Mike Gerholdt: So is it possible for me as an admin to maybe create too much In-App Guidance?

Tim Dubois: Yes.

Mike Gerholdt: Can I put too much frosting on the cake? That's the question I have.

Tim Dubois: You absolutely can put too much frosting on the cake. You have to think about it from the user's perspective. And it might get interesting sometimes when you have to think about where all these walkthroughs or prompts are going to end up, what's the set of users. But you definitely want to make sure you tease these out at a rate that's not going to overwhelm the users because the last thing that we want is burnout from the users. Because suddenly, we're all going to do that and get plenty of those popups that happen on the web all the time. And it quickly becomes to the point where you just close it before we even read it and we don't want that to happen. So I think it makes a lot of sense to put a lot of thought into the guidance that you create and make sure you don't overdo it.
And also we even have controls of course, in In-App guidance for how often you should show these prompts to users. So you can decide to show those prompts every single day for 30 times. Probably not a good idea. If you really want to get the point across, highlight, don't do that. But maybe you want to show it once a week for up to three weeks, that kind of thing.
So definitely put some thought into how you do that and definitely don't overdo it. And the same holds true for when you're offering the prompts themselves. We've tried to help you with some guard rails in that there's a couple of different types of prompts and there's the floating prompt, which is the prompt that you can place within the different quadrants of the UI. And they're meant to be very short and succinct. You only have up to 240 characters. And that's our purpose, to try to give you small little tidbits of information that you pop up on the screen.
It's so easy for the user to quickly grasp that information without having to spend time reading a lot. But if you have more information that you want to convey, or maybe even a video, you could use the other prompt, the duct box, and that's where you can put in a lot more information, but they can also minimize that and they can come back to it later.
So I'm trying to give you some different options and we're going to be adding more options in the future, but there's one different ways already to try to help get that information out there without overdoing it.

Mike Gerholdt: Yeah, absolutely. I love that you bring that up because the floating prompt can be somewhere right in there, their line of sight, as opposed to that docked prompt, I've seen it with videos in it, which was actually the question I had for you. We also, now I saw this in the release notes too. We have In-App Guidance builder.

Tim Dubois: Well, yeah. The In-App guidance builder is our new... This summer, we have the new offering UI. We had to redo things to create walkthroughs. And so we're using the new builder framework, which is really exciting. And the way the new builder works is, the builder is sort of around the outside of our UI and the UI is on the canvas on the middle part running. So you simply just navigate around to the UI you want and choose where you want to offer the prompts. So again, we make it very simple, all done with clicks. You don't have to worry about which page you're on, because whenever you say, if that's what the prompt is going to show up. So it's really, really easy to use.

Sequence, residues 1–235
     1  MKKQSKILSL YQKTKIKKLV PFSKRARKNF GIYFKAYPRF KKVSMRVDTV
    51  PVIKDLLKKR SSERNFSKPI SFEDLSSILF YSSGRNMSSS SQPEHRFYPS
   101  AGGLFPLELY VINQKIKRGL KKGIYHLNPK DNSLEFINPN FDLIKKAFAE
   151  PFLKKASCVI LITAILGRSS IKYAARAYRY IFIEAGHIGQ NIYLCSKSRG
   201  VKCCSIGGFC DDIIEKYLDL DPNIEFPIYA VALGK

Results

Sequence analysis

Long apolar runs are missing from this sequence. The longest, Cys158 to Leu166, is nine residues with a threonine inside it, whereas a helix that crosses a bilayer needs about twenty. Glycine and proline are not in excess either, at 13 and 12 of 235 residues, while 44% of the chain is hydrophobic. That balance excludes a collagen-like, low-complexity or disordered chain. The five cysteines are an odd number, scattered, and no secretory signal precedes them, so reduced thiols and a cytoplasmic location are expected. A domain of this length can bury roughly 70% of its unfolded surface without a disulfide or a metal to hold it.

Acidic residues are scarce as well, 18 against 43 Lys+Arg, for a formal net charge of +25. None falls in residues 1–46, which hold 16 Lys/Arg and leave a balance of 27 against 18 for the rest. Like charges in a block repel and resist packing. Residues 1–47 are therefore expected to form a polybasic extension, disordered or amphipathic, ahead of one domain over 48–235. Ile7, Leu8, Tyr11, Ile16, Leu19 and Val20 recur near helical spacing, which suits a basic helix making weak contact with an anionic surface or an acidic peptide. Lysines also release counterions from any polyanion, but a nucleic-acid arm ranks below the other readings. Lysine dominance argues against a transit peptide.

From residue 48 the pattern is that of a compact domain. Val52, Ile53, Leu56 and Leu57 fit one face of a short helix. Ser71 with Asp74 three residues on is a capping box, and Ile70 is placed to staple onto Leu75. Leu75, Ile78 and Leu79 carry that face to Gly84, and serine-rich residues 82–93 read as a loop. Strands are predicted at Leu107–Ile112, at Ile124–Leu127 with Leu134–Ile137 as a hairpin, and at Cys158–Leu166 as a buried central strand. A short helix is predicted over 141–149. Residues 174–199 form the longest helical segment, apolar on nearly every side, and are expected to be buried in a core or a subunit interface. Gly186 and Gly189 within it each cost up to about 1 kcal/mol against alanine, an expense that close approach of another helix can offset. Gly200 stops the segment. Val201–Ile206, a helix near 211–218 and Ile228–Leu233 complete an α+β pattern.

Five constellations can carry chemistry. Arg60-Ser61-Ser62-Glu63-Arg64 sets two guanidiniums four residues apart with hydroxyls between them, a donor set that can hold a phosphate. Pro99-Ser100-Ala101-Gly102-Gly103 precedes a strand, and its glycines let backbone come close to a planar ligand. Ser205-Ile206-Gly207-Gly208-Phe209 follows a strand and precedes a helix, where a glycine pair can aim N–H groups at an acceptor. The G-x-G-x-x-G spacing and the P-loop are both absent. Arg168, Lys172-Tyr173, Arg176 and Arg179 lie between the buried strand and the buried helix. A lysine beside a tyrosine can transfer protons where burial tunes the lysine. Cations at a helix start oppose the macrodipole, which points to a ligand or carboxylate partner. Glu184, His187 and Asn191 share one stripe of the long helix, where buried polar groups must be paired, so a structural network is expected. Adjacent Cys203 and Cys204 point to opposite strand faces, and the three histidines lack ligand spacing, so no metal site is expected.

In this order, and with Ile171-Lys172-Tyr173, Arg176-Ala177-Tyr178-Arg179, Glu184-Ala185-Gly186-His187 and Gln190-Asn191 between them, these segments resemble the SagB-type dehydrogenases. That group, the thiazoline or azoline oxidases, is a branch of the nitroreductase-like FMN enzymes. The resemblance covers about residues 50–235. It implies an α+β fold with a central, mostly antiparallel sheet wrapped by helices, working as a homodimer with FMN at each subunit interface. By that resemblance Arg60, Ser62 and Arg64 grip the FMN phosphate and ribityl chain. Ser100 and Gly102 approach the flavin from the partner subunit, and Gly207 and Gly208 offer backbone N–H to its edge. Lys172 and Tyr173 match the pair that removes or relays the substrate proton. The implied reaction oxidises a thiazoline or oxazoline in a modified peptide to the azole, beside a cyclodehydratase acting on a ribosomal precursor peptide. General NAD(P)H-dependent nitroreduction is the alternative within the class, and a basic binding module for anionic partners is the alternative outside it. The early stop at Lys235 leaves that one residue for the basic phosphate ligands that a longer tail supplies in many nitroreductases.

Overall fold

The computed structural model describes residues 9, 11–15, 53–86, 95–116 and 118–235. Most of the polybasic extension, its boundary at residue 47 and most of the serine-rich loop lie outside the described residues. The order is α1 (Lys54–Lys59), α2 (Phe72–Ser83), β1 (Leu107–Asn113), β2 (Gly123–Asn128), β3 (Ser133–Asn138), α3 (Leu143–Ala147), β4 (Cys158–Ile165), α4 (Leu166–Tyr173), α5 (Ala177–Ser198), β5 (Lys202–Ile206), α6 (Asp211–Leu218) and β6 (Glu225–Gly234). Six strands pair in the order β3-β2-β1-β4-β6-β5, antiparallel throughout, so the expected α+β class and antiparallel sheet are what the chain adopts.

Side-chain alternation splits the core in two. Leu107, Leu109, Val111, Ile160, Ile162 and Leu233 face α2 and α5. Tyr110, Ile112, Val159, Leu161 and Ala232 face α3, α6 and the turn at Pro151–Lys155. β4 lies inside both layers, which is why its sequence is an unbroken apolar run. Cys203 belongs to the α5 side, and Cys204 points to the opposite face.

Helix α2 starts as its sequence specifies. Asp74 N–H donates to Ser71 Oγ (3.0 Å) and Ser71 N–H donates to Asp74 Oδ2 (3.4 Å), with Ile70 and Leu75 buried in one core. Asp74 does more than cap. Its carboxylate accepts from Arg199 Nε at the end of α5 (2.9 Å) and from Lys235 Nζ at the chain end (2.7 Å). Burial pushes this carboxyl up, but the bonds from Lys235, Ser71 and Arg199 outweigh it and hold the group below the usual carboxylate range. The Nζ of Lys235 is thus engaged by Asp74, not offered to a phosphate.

Mike Gerholdt: I love that. I just remember thinking back to the days when I would customize the homepage and use like an HTML widget as "Please, please do this," when you first look.
One of the things, and you touched on it, floating prompts short, quick. I almost think of those as like when you're watching the news or something like a fun fact, did you know about this? And the docked prompts have videos that could also be where an admin puts a demo as well. As users are progressing through and prompts are being displayed, I know that you can view, there's lifetime views and completes that the admin can also view. And I think that's important. I would love to understand, so if I'm going to show this to my boss, or I'm going to say, "Hey, I created this and this prompt or this walkthrough is getting this much use." I'd love to let them know, what should I be looking for in that as an admin?

Tim Dubois: What we're trying to do is give you some user engagement metrics right up front on the side of page where you see the prompts that walkthrough is listed. And again, it gives you an idea at a high level, how am I doing? Does anybody care? Because if both the single prompts or the walkthroughs have an action button or action link that we're measuring to see if the user actually clicked on it. So the very last step of the walkthrough or the prompt itself will have that action button. And the completes gives you an idea of all the users that saw that particular bit of guidance, did they actually click on that action? Or how successful are you of getting them to go check out that link, whether it's a Trailhead or whatever it might be.